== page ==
Plunging shares of tech stocks have prompted venture capital firms to take an unusual step: buying publicly traded stocks.
Thrive Capital early this year bought beaten-down shares in online used-car marketplace Carvana, according to securities filings. Andreessen Horowitz bought shares in Jack Dorsey’s Block, which partner Marc Andreessen has said he regretted not backing when it was private. And GGV Capital in May bought more than 400,000 shares of HashiCorp, a newly public software company it first backed in 2014.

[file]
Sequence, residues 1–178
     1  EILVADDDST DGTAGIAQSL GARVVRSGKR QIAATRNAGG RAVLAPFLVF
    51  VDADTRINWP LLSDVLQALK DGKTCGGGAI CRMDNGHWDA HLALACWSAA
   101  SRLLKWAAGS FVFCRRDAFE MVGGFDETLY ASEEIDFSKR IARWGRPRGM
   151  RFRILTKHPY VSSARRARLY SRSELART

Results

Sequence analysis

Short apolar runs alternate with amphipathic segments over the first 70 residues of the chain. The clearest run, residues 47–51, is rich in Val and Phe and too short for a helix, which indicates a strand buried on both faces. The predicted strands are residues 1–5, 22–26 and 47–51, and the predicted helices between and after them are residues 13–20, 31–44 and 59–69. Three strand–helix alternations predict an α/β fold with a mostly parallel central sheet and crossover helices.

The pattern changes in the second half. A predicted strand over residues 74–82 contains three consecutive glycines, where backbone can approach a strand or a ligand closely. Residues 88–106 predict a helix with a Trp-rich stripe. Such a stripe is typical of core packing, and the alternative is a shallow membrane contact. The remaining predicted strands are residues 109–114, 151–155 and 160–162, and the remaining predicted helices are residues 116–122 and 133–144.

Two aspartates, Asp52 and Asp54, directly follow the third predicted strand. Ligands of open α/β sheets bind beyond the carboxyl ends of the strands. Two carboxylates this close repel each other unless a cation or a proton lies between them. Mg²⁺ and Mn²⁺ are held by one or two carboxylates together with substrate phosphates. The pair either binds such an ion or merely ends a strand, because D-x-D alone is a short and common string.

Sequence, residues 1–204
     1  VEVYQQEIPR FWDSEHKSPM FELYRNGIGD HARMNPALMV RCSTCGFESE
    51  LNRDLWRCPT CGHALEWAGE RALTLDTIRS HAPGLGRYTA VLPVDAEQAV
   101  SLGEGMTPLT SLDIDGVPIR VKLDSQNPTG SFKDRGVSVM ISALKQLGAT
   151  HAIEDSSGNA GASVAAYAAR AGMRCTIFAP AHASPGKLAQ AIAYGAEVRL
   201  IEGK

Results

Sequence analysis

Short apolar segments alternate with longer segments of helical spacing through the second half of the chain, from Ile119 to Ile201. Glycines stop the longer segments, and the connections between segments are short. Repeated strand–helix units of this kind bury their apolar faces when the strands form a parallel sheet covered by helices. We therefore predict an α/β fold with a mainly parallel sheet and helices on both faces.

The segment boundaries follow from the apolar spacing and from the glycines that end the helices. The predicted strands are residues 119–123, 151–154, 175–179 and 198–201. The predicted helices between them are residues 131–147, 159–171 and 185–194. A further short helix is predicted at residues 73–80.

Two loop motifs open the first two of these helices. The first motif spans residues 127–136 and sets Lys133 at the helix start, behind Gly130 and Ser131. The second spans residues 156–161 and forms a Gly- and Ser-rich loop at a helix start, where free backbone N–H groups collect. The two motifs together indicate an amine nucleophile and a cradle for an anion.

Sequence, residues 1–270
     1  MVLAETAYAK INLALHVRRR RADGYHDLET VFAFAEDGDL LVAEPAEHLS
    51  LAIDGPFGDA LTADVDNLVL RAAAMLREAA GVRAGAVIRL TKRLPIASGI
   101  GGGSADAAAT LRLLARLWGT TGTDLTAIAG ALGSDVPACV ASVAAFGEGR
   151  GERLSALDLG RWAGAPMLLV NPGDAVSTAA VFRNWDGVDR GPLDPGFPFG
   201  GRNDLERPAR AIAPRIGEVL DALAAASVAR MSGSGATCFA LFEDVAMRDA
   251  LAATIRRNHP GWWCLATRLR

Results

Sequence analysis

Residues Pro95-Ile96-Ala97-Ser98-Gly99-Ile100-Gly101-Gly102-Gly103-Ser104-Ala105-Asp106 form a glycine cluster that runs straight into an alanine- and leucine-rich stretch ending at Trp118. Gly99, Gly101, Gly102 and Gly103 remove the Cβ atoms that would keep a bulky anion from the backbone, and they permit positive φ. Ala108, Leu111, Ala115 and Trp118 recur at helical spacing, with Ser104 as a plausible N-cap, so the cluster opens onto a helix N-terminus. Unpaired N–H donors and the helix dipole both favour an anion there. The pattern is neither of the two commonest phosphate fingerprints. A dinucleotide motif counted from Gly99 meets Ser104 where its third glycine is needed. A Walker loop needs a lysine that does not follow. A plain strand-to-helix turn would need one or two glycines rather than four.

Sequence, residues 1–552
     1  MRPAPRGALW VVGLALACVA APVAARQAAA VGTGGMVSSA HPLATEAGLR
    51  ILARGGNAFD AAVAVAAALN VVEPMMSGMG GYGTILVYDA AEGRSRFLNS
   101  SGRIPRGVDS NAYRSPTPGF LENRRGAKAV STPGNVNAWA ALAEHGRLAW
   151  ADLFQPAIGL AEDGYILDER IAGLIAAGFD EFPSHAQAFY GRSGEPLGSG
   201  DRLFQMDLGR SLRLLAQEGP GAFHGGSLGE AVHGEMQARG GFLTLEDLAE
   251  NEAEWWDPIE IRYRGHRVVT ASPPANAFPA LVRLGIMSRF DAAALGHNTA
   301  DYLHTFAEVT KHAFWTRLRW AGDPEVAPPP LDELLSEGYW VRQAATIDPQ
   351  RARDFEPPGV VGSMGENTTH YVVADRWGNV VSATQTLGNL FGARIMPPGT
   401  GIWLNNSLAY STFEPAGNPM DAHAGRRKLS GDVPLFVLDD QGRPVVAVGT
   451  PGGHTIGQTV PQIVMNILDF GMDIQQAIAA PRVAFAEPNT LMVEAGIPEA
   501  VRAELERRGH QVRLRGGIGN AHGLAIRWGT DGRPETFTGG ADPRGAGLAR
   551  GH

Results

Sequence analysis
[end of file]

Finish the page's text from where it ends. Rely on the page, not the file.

“VCs know a fair bit about the companies they’ve taken public recently,” said GGV Capital managing director Glenn Solomon. “A lot of those companies’ prospects are strong, yet valuations have been hit pretty hard.”
Like GGV, firms including Sequoia Capital have added to prior investments in companies after their stocks have fallen steeply. Others like Andreessen Horowitz and Thrive are investing in companies for the first time. The investments indicate that venture investors, who are sitting on record levels of dry powder, are still on the hunt for deals—especially if they think there’s a good opportunity. The extended stock sell-off means many of these investments are not yet paying off, however.